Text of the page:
Public Health Efforts for Future Generations

Maintaining the appropriate health status is one of the most challenging global initiatives. Therefore, such organizations as UNICEF, UNAIDS, and WHO develop programs to overcome issues. Their policies are mostly oriented on children, thereby emphasizing the importance of good health in future generations (UNICEF, n.d.). They are complemented by plans intended for all citizens, including global AIDS strategy and health emergencies (Global AIDS strategy, n.d.; World Health Organization, n.d.). However, their work is insufficient without a clear focus on particular aspects, and one of the examples of specific actions is the national vaccination plan, which faces the unwillingness of people to participate.

The problem is related to the lack of responsibility of families and the understanding of accompanying risks. Hence, the current target regarding this situation is informing parents about the consequences of their choices for children (Tan & Rothstein, 2013). Nevertheless, these actions proved to be inefficient since most people still refuse to vaccinate them. This fact leads to the necessity to improve the national vaccine plan aimed at addressing the problem (U.S. national vaccine plan, n.d.). For this, the results are being evaluated by weekly reports (“Immunization,” n.d.). In this way, organizations’ efforts seem to be optimal for addressing the case.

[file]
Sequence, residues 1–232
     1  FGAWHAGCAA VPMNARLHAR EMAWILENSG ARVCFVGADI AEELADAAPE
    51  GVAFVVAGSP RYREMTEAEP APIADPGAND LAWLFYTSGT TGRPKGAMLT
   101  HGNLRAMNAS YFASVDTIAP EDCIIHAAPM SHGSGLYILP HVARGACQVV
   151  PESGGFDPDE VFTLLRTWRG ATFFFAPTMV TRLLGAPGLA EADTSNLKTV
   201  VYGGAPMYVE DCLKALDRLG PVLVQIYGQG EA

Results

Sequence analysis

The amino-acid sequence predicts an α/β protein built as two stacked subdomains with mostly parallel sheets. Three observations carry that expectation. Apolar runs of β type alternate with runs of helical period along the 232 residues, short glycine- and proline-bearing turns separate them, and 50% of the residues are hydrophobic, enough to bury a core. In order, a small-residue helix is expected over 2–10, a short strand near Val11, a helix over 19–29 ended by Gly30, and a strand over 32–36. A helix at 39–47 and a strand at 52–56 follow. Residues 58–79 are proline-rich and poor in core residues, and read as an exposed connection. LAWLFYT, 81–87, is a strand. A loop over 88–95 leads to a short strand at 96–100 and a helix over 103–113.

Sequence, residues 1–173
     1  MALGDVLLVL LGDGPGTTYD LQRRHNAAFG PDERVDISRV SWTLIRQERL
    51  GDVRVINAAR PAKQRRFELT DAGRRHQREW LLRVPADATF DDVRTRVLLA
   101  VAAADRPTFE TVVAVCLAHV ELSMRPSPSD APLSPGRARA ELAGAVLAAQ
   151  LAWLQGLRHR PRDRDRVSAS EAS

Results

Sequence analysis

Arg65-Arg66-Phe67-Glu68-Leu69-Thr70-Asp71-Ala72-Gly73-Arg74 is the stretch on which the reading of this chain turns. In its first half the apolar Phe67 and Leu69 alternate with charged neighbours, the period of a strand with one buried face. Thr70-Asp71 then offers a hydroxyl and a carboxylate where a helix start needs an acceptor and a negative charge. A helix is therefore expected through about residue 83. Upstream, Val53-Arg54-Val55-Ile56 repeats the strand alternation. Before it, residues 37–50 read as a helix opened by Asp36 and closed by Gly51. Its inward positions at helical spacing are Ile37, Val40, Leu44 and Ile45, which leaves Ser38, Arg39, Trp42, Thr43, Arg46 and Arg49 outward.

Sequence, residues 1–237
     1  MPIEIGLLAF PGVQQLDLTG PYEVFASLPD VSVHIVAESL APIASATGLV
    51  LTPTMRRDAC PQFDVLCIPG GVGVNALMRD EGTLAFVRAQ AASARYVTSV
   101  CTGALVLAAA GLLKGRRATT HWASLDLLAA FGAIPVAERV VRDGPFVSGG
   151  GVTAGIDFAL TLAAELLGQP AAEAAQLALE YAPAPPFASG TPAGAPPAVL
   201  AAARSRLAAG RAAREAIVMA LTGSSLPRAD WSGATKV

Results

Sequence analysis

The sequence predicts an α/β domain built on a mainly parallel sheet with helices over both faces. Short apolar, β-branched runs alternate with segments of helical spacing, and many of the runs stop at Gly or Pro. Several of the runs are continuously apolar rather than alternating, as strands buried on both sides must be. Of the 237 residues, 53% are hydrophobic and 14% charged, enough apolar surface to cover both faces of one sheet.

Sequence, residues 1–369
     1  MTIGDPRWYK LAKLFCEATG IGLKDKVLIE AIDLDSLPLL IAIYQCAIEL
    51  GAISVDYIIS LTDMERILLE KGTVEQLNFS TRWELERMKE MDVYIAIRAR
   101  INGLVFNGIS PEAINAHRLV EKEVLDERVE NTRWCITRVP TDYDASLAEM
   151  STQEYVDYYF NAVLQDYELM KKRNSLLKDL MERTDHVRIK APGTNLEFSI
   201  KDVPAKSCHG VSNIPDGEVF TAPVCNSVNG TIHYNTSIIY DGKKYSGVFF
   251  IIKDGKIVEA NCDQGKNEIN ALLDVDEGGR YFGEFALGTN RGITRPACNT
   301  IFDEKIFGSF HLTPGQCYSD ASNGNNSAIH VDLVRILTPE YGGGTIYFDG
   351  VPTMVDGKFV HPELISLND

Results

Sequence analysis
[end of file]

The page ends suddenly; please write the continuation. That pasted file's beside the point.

Another issue related to global health is the accessibility of medical services to all population groups. The necessity to ensure access to primary health care is highlighted by WHO policies (World Health Organization, n.d.). It is especially applicable to the need to vaccinate children and included in the main provisions of corresponding documents published by the American Academy of Pediatrics (Tan & Rothstein, 2013). This problem is addressed by its policies and world organizations’ programs but does not seem to be adequately addressed since it is not their principal focus.

References

(n.d.). UNAIDS. Web.

(n.d.). Centers for Disease Control and Prevention. Web.

Tan, T., & Rothstein, E. (2013). American Academy of Pediatrics. Web.

(n.d.). U.S. Department of Health and Human Sciences. Web.

(n.d.). UNICEF. Web.

(n.d.). World Health Organization. Web.

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